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Current Issue
December, 2017
Volume 43, Number 4
  
23 July 2012
Erin Edwards




A woman in Aksum, Ethiopia, rests after a pilgrimage that celebrates one of Ethiopia’s holiest days, Mariam Zion, or Mary of Zion. (photo: Sean Sprague)

In the May 2006 issue of ONE, Sean Sprague’s photographs of Ethiopians celebrating one of the holiest days on the Ethiopian Orthodox calendar — the feast of Mary of Zion — were used in a beautiful photo essay. The images helped to depict the importance and holiness of the day to Ethiopian Orthodox Christians:

Pilgrims to Aksum are not unlike the Christian pilgrims of the Middle Ages, who traveled to the Holy Land, or the Muslim pilgrims of today, who journey to Mecca. A pilgrim’s trek to Aksum is an outward expression of his or her faith, a quest for the sacred, an expedition that includes prayer, reflection, penance and almsgiving. And while this quest is not obligatory, it is a practice that has remained widespread among the region’s Orthodox Christians — clergy, religious and lay — despite coups, civil strife and famine.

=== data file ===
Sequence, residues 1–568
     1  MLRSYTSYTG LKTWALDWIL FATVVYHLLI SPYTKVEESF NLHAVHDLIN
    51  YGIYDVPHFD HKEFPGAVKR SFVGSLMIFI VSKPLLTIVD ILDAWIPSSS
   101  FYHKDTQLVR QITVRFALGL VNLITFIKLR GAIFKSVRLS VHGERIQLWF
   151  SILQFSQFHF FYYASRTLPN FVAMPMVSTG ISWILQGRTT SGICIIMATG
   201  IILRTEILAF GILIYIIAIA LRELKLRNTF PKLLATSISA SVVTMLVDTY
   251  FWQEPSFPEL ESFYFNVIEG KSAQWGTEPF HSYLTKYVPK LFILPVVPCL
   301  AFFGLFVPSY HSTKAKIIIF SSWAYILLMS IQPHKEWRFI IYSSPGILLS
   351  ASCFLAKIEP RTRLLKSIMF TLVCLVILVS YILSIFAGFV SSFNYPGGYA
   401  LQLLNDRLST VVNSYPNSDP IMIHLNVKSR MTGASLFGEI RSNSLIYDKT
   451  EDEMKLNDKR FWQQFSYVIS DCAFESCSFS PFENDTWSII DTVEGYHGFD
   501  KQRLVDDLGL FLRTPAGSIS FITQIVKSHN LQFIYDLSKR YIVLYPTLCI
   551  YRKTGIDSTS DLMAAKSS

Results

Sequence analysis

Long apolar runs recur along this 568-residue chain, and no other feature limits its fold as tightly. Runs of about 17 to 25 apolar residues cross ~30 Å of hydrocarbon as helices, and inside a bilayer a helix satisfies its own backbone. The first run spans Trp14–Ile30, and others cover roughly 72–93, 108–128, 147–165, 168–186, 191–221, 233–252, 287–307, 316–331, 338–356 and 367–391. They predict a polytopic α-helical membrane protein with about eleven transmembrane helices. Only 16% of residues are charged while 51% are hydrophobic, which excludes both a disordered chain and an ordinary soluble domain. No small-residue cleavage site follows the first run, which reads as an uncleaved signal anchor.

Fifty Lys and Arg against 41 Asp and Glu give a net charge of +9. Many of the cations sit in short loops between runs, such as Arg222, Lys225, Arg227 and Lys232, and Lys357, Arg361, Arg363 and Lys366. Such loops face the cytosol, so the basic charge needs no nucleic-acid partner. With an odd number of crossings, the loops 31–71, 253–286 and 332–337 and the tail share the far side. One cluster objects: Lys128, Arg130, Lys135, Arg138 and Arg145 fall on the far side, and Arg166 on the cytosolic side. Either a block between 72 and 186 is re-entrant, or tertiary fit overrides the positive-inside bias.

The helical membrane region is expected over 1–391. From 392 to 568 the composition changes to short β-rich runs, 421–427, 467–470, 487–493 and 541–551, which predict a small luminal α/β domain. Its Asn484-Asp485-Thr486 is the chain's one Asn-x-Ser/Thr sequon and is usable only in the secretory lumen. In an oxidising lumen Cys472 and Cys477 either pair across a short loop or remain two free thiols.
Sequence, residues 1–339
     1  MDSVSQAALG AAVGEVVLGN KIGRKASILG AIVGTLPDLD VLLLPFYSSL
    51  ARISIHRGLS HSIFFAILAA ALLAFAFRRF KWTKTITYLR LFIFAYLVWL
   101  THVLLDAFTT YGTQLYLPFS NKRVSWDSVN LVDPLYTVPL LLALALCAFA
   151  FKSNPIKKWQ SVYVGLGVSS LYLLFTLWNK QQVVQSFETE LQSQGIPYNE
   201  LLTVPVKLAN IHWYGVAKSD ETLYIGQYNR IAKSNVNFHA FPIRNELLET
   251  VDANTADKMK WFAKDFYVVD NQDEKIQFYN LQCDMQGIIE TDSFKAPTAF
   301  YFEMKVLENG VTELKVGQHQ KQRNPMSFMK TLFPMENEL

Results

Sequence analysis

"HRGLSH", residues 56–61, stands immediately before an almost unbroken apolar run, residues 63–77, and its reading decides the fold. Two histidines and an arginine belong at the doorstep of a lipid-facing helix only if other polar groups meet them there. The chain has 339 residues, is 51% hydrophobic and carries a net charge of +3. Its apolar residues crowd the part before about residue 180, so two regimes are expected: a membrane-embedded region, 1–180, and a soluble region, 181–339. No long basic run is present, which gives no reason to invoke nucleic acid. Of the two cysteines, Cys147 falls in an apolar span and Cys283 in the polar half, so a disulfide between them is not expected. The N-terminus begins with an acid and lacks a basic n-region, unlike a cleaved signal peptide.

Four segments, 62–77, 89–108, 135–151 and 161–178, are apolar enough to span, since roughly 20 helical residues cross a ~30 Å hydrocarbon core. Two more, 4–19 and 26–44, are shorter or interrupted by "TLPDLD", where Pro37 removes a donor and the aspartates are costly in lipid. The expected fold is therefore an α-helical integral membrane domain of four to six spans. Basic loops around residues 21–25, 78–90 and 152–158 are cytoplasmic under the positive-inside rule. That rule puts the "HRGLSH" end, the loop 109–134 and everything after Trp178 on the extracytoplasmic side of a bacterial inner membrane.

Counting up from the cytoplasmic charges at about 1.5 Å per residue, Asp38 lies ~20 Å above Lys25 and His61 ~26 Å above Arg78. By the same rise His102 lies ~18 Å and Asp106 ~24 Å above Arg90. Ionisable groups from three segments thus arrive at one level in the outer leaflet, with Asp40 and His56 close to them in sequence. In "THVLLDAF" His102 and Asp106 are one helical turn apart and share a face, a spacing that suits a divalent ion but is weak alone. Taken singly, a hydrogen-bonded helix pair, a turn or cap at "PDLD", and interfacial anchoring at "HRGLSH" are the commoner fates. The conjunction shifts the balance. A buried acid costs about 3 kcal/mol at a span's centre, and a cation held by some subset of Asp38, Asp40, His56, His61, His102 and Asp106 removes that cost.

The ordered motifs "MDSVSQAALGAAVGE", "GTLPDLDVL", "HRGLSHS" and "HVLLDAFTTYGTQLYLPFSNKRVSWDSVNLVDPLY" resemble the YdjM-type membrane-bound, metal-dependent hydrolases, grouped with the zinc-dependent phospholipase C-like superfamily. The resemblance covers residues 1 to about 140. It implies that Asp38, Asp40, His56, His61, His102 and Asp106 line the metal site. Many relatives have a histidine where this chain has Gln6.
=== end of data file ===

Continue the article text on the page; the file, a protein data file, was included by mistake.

Several days before the feast, thousands of pilgrims leave their homes and head north on foot (many take buses, few fly), carrying their bedding and food. Pilgrims must abstain from meat and dairy products as well as sexual intercourse for three days before the feast. Some practice acts of mortification — a rite of purification — as they process to Aksum. Others give alms to the beggars who line the paths leading to the object of the pilgrims’ devotion.

For more, read Ethiopia Celebrates Mary.



Tags: Ethiopia Ethiopian Orthodox Church Saints